UNC was one of the early schools that had a laptop requirement during this time. Can you tell us a bit about that helped security?
UNC implemented an educational program requiring incoming freshmen to have laptops meeting a minimum specification. This Carolina Computing Initiative (or CCI) offered IBM ThinkPads with a University-provided software load as one possible source for students to meet the requirement. More then 90% of the students purchased these IBM systems, and the opportunity to provide students a system image that was both supportable and secure out of the box proved invaluable to both the Help Desk and Security teams. This system image was reviewed and tweaked twice each year by a committee of different interest groups. Small changes, such as the addition of a centrally managed anti-virus client and the shut down of unnecessary services, meant that the student networks exceeded the availability and performance seen at similar institutions that were not providing a desirable system image.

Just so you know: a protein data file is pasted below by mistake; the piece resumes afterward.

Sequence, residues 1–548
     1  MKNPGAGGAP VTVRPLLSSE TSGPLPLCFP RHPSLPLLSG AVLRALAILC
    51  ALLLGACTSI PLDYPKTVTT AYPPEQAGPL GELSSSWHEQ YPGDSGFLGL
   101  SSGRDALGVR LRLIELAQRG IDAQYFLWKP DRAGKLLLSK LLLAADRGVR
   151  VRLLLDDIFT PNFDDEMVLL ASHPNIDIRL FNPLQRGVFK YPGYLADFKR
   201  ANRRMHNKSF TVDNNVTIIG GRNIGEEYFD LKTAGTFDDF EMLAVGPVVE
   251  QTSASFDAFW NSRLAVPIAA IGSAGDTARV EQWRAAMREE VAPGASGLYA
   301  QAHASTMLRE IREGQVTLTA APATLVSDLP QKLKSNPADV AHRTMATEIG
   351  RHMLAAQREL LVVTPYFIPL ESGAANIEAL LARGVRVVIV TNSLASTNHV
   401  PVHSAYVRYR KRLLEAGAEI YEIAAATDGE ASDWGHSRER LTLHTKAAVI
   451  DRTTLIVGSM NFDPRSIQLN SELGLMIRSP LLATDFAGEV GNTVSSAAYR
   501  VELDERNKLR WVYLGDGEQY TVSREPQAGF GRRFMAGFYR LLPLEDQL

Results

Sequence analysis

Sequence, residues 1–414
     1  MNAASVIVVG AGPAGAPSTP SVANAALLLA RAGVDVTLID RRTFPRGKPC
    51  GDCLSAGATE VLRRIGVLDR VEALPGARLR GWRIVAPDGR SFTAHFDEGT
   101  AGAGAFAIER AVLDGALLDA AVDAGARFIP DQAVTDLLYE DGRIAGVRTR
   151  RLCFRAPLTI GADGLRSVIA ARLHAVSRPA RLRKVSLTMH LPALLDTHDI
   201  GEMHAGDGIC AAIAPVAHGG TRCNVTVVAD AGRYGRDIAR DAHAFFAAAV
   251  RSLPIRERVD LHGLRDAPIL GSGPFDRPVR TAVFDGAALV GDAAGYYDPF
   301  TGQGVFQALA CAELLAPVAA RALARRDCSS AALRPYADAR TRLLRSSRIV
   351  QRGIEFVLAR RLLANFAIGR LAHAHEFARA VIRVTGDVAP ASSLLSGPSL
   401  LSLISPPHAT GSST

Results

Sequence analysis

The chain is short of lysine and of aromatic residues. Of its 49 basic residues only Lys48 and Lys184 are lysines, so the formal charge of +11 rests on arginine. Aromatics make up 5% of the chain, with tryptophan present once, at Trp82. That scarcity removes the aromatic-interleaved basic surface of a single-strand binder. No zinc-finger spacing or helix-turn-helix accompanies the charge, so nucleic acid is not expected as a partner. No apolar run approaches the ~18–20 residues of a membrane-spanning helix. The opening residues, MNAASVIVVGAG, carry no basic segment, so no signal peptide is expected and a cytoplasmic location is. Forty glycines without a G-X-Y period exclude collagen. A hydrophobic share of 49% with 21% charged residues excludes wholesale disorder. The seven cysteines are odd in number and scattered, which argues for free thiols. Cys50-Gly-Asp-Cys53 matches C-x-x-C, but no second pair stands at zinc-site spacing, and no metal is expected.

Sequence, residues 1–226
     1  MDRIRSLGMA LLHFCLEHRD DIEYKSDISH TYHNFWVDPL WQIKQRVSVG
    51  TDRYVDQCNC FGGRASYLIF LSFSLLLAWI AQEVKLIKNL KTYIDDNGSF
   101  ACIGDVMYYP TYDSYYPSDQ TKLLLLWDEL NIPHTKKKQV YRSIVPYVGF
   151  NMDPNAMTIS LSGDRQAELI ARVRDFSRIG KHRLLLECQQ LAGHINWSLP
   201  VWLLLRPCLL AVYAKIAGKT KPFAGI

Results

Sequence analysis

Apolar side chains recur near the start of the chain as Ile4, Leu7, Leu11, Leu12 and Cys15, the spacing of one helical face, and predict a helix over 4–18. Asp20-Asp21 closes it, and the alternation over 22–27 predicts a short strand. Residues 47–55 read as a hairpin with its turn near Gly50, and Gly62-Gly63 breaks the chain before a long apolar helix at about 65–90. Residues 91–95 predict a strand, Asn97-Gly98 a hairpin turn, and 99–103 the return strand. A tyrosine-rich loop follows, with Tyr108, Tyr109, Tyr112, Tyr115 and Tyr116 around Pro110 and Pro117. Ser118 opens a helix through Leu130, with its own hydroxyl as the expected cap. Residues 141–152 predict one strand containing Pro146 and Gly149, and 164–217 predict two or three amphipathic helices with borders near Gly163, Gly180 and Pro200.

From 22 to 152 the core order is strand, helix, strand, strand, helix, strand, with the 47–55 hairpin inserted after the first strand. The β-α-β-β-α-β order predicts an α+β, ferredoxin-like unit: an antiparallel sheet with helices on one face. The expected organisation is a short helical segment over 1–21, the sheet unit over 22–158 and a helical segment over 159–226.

What did you do to educate the University population about computer security?
Security training is essential; however, it’s also expensive and problematic on a limited budget. Providing the foundation to do things correctly, or securely, from the beginning meant fewer problems after administrators moved systems into production. To build these foundations on the cheap, the UNC Security team developed internal programs to provide campus administrators a hands-on opportunity to build and secure both Windows and RedHat server systems. These day-long classes equipped UNC administrators with secure build experience and resulted in repeatable results when they returned to their departments.